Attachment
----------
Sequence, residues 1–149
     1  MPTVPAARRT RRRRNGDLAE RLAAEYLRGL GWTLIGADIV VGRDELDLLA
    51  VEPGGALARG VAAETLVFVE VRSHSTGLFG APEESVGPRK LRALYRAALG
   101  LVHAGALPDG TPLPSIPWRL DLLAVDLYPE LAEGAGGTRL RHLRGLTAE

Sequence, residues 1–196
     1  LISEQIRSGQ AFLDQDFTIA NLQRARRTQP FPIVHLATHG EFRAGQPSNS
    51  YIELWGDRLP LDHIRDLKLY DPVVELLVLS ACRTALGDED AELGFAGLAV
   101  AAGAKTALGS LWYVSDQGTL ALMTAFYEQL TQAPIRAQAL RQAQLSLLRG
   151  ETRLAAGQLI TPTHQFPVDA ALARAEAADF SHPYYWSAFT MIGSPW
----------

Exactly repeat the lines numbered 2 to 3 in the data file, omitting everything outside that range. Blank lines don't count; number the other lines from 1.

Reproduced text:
     1  MPTVPAARRT RRRRNGDLAE RLAAEYLRGL GWTLIGADIV VGRDELDLLA
    51  VEPGGALARG VAAETLVFVE VRSHSTGLFG APEESVGPRK LRALYRAALG